Maryland Adopts International Green Construction Code

On Tuesday, May 10, 2011, the International Code Council announced that Maryland Governor Martin O’Malley signed into law legislation passed by the state’s General Assembly adopting the International Green Construction Code (IGCC) as an optional requirement for new construction. Maryland’s adoption of the IGCC, effective in March 2012, will apply to all commercial buildings as well as residential properties more than three stories high. The IGCC is a tool designed for jurisdictions to adopt into laws reducing the environmental impact of construction projects while keeping construction safety measures intact and enforceable.

“We applaud Maryland’s leadership in adopting an adaptable, affordable, and enforceable code that will set the standard for safe and sustainable buildings throughout the state,” ICC CEO Richard P. Weiland said.

The Building Codes—International Green Construction Code Act (HB 972)—which was passed by the Maryland General Assembly and enacted into law by Governor O’Malley authorizes the state’s Department of Housing and Community Development to adopt the IGCC, while allowing local jurisdictions to make amendments to the IGCC under certain conditions as long as the local amendment is adopted in accordance with applicable local law.

“Adopting green building codes and standards is a prudent way for Maryland’s jurisdictions to demonstrate their commitment to a more sustainable and safe future,” said Delegate Dana Stein, the legislation’s sponsor. “The International Green Construction Code is coordinated with several related I-Codes used for construction throughout the state.”

Recent IGCC adoptions also include: an optional code in Richland, WA; an alternative requirement for new public buildings in Rhode Island; and the nation’s first tribal community enactment in Kayenta Township, AZ, with an optional requirement with mandatory applications still under consideration. Fort Collins, CO, approved significant extractions from the IGCC and the National Green Building Standard, ICC 700, as part of green building code amendments to the city’s building codes.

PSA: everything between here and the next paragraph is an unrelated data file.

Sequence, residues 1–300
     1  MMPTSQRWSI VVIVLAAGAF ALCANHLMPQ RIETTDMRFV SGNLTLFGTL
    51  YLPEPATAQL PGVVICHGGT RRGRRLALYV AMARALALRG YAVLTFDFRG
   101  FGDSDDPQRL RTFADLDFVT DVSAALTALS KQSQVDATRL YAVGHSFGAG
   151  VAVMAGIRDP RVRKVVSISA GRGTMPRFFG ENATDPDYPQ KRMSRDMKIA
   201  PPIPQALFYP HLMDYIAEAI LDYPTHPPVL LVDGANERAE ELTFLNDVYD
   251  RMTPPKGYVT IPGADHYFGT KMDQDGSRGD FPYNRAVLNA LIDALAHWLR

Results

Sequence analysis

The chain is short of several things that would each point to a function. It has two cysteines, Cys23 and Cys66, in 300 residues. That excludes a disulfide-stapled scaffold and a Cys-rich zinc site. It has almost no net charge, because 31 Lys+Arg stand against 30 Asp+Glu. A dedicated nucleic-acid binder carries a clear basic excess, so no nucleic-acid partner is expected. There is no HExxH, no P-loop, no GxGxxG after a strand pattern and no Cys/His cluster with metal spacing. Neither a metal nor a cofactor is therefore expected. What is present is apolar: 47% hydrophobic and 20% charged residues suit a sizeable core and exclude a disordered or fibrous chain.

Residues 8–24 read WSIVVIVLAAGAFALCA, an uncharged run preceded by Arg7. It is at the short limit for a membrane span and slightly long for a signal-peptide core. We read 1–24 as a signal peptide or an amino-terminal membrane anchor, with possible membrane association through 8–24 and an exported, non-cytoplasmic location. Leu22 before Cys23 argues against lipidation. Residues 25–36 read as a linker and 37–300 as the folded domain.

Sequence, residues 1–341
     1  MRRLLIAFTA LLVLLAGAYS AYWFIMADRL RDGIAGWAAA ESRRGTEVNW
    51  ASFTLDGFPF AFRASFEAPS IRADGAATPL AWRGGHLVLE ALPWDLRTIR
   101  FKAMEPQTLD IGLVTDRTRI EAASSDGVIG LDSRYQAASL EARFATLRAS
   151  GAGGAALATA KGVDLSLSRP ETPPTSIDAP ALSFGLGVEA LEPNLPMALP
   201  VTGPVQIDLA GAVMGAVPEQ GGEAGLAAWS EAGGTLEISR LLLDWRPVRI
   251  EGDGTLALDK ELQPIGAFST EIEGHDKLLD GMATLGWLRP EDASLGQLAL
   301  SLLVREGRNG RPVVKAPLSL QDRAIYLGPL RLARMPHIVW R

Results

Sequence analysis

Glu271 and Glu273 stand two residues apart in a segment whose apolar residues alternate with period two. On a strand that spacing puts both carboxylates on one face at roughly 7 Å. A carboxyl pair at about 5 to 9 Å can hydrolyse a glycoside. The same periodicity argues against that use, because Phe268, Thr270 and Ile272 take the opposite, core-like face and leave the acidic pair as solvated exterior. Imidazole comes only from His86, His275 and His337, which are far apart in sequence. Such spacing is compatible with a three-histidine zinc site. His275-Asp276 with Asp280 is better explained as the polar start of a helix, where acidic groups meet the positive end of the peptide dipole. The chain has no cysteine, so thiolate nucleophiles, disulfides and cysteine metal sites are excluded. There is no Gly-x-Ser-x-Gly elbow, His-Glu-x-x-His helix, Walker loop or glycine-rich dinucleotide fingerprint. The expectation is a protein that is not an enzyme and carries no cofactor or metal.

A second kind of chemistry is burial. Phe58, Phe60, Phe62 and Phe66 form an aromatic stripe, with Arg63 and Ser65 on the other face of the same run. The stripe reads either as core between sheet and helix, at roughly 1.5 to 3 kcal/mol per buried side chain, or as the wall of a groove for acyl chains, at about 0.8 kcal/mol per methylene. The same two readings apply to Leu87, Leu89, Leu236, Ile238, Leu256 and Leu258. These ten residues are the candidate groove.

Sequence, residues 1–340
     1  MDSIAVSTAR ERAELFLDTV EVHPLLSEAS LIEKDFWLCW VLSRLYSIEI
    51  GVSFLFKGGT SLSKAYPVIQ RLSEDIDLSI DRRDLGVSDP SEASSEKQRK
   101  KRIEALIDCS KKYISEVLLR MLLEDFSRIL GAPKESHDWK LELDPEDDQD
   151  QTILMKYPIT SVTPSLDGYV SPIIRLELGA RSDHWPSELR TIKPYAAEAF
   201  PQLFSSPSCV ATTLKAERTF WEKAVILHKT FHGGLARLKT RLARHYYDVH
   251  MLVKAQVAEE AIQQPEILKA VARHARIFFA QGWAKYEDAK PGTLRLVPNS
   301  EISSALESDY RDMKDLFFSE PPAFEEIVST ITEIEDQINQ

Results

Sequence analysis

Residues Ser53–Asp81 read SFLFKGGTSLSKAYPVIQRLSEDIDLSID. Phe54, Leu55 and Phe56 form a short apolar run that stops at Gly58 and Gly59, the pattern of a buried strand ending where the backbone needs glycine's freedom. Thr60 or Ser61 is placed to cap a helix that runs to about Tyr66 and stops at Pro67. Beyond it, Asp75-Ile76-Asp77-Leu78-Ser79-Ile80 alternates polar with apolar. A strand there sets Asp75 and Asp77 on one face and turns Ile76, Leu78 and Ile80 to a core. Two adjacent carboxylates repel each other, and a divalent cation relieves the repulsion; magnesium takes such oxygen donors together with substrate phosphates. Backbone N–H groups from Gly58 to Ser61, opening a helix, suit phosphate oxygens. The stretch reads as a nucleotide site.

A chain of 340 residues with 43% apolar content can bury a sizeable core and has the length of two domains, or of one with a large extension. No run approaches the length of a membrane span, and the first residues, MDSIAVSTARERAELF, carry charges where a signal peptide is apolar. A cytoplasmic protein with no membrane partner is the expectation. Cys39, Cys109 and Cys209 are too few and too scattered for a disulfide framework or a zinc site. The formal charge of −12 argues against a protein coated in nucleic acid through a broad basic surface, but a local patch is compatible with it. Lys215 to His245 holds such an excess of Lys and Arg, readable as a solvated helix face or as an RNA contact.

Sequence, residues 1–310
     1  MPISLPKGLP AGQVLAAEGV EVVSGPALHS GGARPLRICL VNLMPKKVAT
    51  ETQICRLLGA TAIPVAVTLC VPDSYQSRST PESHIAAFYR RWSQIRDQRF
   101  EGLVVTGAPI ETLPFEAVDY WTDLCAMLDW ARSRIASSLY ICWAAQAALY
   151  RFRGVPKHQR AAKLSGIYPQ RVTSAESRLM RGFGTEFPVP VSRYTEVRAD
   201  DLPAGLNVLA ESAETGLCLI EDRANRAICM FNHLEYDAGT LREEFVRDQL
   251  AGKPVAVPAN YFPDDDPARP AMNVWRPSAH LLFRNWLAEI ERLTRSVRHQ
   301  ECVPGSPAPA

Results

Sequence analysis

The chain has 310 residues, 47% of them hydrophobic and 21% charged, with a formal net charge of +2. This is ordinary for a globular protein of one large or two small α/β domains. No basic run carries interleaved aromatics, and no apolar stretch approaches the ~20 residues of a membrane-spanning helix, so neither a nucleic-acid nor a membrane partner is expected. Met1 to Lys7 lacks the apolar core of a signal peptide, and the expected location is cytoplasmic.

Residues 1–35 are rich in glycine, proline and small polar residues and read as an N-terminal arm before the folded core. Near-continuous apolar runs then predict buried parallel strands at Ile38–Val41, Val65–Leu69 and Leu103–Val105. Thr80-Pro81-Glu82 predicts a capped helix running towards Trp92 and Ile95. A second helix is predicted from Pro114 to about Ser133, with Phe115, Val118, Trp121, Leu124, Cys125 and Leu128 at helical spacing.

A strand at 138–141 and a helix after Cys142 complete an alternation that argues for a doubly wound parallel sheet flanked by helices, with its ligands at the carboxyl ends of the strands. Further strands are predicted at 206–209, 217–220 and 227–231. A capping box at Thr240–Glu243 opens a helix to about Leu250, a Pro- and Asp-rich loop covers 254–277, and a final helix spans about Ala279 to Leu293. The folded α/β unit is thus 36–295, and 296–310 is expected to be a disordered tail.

The IGCC is an “Allowable Green Building System” in Keene, NH’s, Sustainable Energy Efficient Development zone, a voluntary urban incentive-based area that promotes green building and redevelopment in its downtown. Fort Collins, Kayenta, and Keene are the first jurisdictions in their states to adopt the IGCC. The Code Council expects several more state and local adoptions of the IGCC within the next few months.

The IGCC was established by the International Code Council to improve the long-term performance and safety of commercial and high-rise residential buildings. The code’s cooperating sponsors are the American Institute of Architects (AIA), ASTM International, the American Society of Heating, Refrigeration and Air-Conditioning Engineers (ASHRAE), the U.S. Green Building Council (USGBC), and the Illuminating Engineering Society (IES).

The International Code Council, a membership association dedicated to building safety, fire prevention and energy efficiency, develops the codes used to construct residential and commercial buildings, including homes and schools. The International Codes also serve as the basis for construction of federal properties around the world, and as a reference for many nations outside the United States.


  1. On behalf of the ICC, thank you for writing about such an important topic. As Stuart stated, the IGCC is meant to support the construction industry and promote healthier communities around the country.

  2. This is the most significant environmental legislation adopted in Maryland this year. The IGCC is at the confluence of pro business and pro environment. It is what is best about the modern environmental movement and will quickly be adopted across the country.

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